PubMed ID
16711466 View in PubMed
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Workshop 4 (synthesis): securing food production under climate variability--exploring the options.

https://arctichealth.org/en/permalink/ahliterature95854
Source
Water Sci Technol. 2004;49(7):147-9
Publication Type
Article
Date
2004
Author
Björklund G.
Author Affiliation
GeWa Consulting, Marmorvägen 16A, 75244 Uppsala, Sweden. gunilla.bjorklund@telia.com
Source
Water Sci Technol. 2004;49(7):147-9
Date
2004
Language
English
Publication Type
Article
Keywords
Bangladesh
Climate
Disasters
Food Supply
Forecasting
Humans
Rivers
Water supply
Abstract
Climate variabilities may result in different types of dry spells, droughts or flood situations, having harmful effects on agricultural productivity and food security. Long-term trends in climate variabilities and climate extremes may be a consequence of an on-going climate change and would thus result in a more permanent change in the pre-conditions for food production. The presentations and discussion during the workshop concentrated on some different measures to be taken in addressing these kind of situations and in particularly on the adverse effects of dry spells, droughts and to some extent also floods. The different areas presented were examples from Bangladesh, the indus river and delta region, examples from India (Tamil Nadu, Karnataka and Andhra Pradesh), Israel, Sri Lanka and Uzbekistan.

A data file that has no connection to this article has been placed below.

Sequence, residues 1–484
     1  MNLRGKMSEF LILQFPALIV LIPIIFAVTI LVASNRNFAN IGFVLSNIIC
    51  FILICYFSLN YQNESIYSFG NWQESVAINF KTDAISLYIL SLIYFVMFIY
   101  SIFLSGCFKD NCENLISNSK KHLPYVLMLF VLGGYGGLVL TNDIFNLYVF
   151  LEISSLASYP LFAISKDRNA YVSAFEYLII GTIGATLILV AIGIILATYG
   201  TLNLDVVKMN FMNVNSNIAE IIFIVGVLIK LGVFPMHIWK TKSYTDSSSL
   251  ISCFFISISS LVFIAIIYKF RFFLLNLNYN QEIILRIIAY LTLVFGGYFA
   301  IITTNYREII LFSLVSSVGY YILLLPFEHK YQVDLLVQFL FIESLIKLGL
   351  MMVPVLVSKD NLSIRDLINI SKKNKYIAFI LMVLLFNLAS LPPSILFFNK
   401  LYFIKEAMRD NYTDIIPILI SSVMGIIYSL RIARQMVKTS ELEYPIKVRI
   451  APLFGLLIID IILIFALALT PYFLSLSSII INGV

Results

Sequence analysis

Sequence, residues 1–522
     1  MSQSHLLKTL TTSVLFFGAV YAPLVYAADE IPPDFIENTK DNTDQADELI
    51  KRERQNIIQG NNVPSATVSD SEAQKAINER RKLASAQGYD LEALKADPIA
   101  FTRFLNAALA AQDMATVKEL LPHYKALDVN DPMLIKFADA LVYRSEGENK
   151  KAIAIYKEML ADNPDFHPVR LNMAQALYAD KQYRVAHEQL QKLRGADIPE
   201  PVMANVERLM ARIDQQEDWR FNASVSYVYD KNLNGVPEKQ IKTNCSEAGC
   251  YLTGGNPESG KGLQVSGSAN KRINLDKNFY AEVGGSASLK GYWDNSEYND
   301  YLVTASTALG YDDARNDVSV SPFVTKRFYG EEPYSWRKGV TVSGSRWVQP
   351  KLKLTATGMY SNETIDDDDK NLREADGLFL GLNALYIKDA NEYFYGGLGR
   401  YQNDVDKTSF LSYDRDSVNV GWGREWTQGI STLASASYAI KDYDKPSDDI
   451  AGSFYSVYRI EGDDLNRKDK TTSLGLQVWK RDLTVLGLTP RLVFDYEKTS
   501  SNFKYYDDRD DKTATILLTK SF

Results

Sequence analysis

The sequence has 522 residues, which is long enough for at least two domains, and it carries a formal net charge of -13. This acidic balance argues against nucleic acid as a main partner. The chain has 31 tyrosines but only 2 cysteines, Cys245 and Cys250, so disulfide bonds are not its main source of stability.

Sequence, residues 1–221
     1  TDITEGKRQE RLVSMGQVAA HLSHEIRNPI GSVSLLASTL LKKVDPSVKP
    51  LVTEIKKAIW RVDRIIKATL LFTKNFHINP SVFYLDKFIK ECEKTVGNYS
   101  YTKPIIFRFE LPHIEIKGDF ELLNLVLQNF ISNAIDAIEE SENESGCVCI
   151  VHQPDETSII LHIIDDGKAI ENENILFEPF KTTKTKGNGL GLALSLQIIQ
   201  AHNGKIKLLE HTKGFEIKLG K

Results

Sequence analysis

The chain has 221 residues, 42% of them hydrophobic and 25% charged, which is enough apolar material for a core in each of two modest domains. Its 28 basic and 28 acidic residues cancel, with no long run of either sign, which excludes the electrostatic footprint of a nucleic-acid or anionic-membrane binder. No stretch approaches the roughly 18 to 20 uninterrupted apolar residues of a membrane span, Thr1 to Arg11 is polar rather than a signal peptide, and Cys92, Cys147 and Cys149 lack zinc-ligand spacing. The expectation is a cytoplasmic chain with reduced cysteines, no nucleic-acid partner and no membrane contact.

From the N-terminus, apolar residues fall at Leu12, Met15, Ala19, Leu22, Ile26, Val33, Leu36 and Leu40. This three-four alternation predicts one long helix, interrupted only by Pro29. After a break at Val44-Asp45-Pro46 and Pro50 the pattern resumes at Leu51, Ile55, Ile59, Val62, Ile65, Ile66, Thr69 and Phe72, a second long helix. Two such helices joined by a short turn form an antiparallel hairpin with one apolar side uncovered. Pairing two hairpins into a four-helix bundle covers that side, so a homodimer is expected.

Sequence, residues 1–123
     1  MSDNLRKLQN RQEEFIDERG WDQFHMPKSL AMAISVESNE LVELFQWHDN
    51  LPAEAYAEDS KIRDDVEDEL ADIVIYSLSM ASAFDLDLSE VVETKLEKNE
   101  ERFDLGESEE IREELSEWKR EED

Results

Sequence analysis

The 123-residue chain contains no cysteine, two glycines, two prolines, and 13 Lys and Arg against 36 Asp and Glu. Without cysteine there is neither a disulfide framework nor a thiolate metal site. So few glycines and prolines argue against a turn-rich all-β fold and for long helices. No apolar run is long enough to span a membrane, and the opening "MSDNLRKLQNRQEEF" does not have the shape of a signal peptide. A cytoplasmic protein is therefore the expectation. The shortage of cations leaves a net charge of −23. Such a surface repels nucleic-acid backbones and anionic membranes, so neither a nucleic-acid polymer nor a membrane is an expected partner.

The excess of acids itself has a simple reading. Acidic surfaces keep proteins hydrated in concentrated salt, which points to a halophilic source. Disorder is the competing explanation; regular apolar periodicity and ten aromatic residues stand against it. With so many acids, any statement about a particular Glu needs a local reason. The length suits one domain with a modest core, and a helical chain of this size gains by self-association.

PubMed ID
15195431 View in PubMed
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Women's health in northern British Columbia: The role of geography and gender

https://arctichealth.org/en/permalink/ahliterature101164